- Consider first the median income. When Bill Clinton left office after 2000, the median income-the income line around which half of households come in above, and half fall below-stood at $52,500 (measured in inflation-adjusted 2008 dollars). When Bush left office after 2008, the median income had fallen to $50,303. That's a decline of 4.2 per cent. That leaves Bush with the dubious distinction of becoming the only president in recent history to preside over an income decline through two presidential terms. "What is phenomenal about the years under Bush is that through the entire business cycle from 2000 through 2007, even before this recession...working families were worse off at the end of the recovery, in the best of times during that period, than they were in 2000 before he took office," says Lawrence Mishel, president Economic Policy Institute.
- When Clinton left office in 2000, the Census counted almost 31.6 million Americans living in poverty. When Bush left office in 2008, the number of poor Americans had jumped to 39.8 million (the largest number in absolute terms since 1960.) Under Bush, the number of people in poverty increased by over 8.2 million, or 26.1 per cent. Over two-thirds of that increase occurred before the economic collapse of 2008. When Clinton left the number of Americans in poverty stood at 11.3 per cent; when Bush left that had increased to 13.2 per cent. The poverty rate for children jumped from 16.2 per cent when Clinton left office to 19 per cent when Bush stepped down.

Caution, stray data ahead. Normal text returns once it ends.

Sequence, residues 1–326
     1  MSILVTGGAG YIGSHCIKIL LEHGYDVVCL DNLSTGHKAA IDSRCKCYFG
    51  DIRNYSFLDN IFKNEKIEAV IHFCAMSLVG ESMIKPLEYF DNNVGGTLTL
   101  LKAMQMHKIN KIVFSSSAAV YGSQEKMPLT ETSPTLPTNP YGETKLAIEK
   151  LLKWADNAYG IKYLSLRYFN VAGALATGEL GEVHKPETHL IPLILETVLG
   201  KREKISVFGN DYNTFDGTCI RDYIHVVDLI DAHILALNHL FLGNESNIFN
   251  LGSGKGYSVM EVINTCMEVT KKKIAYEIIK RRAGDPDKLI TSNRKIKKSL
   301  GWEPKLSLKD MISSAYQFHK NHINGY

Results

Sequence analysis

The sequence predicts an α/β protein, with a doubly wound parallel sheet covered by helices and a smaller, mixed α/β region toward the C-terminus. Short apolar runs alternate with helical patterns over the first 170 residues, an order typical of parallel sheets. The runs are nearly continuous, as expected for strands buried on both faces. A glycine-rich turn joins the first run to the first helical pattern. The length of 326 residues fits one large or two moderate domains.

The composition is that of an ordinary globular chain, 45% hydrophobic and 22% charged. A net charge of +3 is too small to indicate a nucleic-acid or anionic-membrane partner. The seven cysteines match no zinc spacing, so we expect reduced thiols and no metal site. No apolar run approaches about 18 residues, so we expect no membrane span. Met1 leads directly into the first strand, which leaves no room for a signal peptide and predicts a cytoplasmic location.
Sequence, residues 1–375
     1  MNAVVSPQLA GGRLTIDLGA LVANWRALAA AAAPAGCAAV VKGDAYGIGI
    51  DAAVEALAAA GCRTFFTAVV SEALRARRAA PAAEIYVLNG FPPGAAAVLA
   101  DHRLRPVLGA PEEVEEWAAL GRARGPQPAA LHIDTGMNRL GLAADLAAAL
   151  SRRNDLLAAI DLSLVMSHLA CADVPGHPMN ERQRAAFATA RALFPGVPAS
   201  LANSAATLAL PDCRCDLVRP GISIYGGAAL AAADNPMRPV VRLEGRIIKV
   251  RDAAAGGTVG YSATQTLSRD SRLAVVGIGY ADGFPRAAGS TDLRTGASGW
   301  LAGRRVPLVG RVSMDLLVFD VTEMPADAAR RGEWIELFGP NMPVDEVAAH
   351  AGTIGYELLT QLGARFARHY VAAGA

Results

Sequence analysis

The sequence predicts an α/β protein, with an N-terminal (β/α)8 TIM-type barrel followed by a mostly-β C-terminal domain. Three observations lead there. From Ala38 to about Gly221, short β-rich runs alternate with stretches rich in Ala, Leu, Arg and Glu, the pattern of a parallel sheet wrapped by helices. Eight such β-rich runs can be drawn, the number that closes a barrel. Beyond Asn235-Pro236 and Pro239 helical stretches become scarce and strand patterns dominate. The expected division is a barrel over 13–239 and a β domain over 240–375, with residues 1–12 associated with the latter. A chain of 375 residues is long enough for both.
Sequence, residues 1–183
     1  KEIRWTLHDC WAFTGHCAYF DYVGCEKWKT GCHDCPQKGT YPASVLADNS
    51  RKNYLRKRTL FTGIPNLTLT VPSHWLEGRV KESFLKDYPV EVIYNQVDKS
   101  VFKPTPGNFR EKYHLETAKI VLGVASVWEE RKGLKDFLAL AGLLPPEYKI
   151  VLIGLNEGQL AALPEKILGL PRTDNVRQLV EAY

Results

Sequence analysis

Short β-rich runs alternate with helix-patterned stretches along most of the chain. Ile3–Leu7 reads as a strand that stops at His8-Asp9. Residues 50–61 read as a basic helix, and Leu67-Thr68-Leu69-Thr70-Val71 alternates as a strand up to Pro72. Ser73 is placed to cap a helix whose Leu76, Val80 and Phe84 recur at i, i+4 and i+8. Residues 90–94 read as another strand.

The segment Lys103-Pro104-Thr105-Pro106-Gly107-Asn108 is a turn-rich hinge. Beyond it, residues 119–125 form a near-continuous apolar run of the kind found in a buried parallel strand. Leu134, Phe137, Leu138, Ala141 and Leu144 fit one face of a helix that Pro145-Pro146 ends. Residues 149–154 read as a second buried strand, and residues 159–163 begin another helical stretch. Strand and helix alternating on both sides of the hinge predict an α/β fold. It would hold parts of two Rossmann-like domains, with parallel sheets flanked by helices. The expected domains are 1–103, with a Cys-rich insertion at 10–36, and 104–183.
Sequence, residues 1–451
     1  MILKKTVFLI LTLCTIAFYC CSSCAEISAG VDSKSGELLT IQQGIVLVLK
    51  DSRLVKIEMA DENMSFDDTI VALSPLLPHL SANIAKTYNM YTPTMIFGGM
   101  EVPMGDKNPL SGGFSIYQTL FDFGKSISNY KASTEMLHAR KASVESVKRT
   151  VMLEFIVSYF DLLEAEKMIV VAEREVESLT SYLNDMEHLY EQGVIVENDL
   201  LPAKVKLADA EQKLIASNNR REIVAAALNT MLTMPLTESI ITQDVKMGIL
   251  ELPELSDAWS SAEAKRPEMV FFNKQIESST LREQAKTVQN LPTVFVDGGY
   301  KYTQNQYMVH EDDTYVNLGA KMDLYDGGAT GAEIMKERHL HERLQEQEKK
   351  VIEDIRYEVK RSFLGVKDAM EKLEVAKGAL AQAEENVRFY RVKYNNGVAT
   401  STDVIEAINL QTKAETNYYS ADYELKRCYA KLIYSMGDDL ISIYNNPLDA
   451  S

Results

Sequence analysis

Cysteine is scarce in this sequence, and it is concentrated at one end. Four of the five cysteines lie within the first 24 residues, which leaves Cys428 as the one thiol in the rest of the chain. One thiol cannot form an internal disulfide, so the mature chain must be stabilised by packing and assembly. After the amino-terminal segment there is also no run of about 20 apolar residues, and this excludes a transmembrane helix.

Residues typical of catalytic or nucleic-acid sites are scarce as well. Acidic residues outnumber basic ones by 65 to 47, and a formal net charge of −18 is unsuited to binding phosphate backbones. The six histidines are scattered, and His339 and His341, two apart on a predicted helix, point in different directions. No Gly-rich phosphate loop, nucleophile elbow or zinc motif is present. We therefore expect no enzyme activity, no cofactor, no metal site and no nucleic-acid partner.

- The story is similar again for access to health care. When Clinton left office, the number of uninsured Americans stood at 38.4 million. By the time Bush left office that number had grown to just over 46.3 million, an increase of nearly 8 million or 20.6 per cent.
Monday, October 8, 2012
Remembering The Bush Years (In Charts)
Closing The Book On The Bush Legacy: